Brainstorm Health: Amarin Fish Oil Surge, Most Powerful Women, Implanted Device for Paralysis

September 24, 2018, 8:30 PM UTC

Happy Monday, readers. This is Sy.

I’m traveling back to New York from our nation’s capital after an edifying time at the Biden Cancer Summit. I’ll have a lot more to say about that—as well as about my luncheon panel with Dr. Laura Esserman, Dr. Feng Zhang, and Bibhash Mukhopadhyay—in short time.

But I wanted to start off with one of the buzziest stories in biopharma this week. On Monday, shares of New Jersey-based drug maker Amarin shot up a stunning 300% on the strength of a cardiovascular outcomes clinical trial for its cholesterol drug Vascepa. The (apparently) groundbreaking substance at the heart of the treatment? Good, old-fashioned fish oil.

According to the company—and it’s worth noting that the full data set for the trial isn’t public yet—the Vascepa fish oil capsule reduced the risk of certain serious cardiovascular events (such as stroke and heart attack) for certain heart patients (those who had high levels of triglyceride fats in their blood and high cholesterol levels being held in check by statins) by 25% compared with placebo. That’s an eye-popping figure when it comes to the heart health space.

The results from the so-called REDUCE-IT trial are already turning heads in the cardiological community. There are plenty of treatments that have proven their ability to slash levels of “bad” cholesterol like LDL-C and other potentially harmful elements; what has sometimes been less clear is how such therapies translate into reducing actual cardiovascular catastrophes such as heart attack, stroke, and hospitalization due to CVD-related events. On first glance, Amarin’s prescription fish oil therapy appears to have impressed on this very front.

On another note: Please make sure to check out Fortune‘s extraordinary new Most Powerful Women list and all of its accompanying commentary. It’s a fascinating collection exploring even more fascinating women in business.

Read on for the day’s news.


An implanted device's promise in paralysis. Two patients have reportedly been able to recover their ability to walk after undergoing an experimental treatment that involves an implantable device that delivers electrical stimulation straight to the spinal cord. Researchers note that this kind of technology is still in the early stages and has a long way to go—but, given the devastation caused by serious spinal cord injuries, the pair of reports is notable. (The Verge)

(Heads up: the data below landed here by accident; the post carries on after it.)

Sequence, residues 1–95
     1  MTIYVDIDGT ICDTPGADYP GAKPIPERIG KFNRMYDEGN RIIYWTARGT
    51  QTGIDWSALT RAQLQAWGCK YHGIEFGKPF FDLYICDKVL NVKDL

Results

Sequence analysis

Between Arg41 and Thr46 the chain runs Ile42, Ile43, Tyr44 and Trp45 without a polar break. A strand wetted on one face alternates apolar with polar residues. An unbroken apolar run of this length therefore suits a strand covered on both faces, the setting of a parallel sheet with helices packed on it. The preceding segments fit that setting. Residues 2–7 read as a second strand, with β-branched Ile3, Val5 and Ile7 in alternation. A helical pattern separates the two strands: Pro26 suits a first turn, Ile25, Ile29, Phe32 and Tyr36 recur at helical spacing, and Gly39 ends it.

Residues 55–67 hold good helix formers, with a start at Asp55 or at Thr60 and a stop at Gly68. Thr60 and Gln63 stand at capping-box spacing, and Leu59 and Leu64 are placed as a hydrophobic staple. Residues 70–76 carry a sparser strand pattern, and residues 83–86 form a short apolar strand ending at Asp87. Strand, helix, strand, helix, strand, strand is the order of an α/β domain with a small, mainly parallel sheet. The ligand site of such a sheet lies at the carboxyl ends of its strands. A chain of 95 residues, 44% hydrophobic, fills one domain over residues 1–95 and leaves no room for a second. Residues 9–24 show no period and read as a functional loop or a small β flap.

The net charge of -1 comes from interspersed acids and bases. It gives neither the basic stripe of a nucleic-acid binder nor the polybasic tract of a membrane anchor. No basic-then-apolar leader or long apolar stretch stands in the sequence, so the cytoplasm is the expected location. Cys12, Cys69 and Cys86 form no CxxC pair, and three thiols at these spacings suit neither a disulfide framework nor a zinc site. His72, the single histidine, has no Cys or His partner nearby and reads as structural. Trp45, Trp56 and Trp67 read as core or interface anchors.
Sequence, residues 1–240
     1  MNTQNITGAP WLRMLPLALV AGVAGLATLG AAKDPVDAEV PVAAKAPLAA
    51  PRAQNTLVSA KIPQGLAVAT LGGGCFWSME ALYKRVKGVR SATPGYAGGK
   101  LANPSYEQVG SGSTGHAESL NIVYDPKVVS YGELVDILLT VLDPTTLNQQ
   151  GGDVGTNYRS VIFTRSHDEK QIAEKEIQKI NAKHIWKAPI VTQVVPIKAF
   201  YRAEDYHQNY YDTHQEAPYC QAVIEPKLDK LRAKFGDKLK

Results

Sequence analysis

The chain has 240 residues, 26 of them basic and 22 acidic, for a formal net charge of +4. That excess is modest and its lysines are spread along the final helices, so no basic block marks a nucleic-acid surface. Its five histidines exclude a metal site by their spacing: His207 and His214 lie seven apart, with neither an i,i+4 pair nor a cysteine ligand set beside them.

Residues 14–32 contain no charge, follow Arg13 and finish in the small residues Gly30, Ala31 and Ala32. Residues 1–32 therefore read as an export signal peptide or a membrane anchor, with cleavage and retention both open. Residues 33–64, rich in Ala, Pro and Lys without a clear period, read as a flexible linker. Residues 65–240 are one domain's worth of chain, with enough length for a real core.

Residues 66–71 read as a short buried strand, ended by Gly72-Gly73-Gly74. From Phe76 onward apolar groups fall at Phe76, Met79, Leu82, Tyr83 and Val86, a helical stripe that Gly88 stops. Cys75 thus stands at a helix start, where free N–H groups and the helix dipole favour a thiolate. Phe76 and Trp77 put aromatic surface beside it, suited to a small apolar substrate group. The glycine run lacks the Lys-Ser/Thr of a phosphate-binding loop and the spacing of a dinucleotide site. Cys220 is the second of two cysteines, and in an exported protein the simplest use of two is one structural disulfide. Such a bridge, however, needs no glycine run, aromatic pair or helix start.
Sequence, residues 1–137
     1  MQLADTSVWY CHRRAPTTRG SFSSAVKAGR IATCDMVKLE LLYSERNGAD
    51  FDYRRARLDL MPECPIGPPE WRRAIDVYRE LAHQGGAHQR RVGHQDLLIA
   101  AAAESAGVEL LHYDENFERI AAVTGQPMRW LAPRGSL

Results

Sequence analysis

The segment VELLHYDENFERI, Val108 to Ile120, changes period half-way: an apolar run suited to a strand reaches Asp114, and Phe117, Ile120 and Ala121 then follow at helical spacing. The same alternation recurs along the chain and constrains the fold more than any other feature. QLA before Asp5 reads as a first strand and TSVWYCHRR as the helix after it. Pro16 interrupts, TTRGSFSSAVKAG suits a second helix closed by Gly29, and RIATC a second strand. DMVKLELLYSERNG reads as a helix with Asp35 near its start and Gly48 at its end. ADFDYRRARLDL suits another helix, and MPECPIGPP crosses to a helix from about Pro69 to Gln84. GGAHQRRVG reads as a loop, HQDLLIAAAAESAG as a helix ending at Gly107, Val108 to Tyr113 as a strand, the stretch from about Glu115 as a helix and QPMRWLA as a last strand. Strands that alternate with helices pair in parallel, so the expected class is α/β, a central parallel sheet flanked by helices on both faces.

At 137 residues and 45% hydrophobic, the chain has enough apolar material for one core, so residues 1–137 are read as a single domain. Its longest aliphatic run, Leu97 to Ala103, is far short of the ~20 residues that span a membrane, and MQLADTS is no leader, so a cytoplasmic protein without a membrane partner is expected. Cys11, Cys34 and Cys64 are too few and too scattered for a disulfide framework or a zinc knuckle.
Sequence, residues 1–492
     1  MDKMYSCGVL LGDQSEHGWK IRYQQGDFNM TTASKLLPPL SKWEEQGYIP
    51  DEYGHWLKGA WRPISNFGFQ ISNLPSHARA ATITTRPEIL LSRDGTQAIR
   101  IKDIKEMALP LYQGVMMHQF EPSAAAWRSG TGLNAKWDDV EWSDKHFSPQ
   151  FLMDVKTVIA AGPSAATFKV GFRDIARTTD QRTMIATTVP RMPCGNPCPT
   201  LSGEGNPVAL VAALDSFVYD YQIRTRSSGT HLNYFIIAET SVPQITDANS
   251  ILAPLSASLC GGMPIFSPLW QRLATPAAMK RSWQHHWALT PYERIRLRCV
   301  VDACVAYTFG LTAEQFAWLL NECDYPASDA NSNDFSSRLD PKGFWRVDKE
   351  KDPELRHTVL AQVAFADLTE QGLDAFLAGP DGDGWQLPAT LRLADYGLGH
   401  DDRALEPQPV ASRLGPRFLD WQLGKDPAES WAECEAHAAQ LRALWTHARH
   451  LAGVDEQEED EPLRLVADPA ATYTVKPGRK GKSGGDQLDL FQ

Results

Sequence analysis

Fears of a Brexit's medication fallout. The European Medicines Agency (EMA), roughly the EU's analogue to the American FDA, is raising red flags about the potential fallout from Brexit, including the possibility of disruption to the supply of more than three dozen medicines. Drug makers have begun hoarding supplies of prescription drugs in case Brexit goes ahead without adequate arrangements in place to prevent such disruption. (Reuters)


Stopping malaria's spread at its source. NPR reports that CRISPR gene editing is being deployed to try to stop the spread of one of the world's most pernicious infectious diseases, malaria. The technique reportedly uses modified mosquitoes to then wipe out the regular kind that may carry the disease, which kills more than 400,000 people every year. (NPR)


Inside Fortune's 2018 Most Powerful Women in Business Listby Kristen Bellstrom and Beth Kowitt

These 10 Powerful Women Leaders Are Ones to Watchby Fortune Editors

Commanders in Chief: The Women Building America's Military Machineby Jen Wieczner

New York's Big Cryptocurrency Mistakeby Jeff John Roberts

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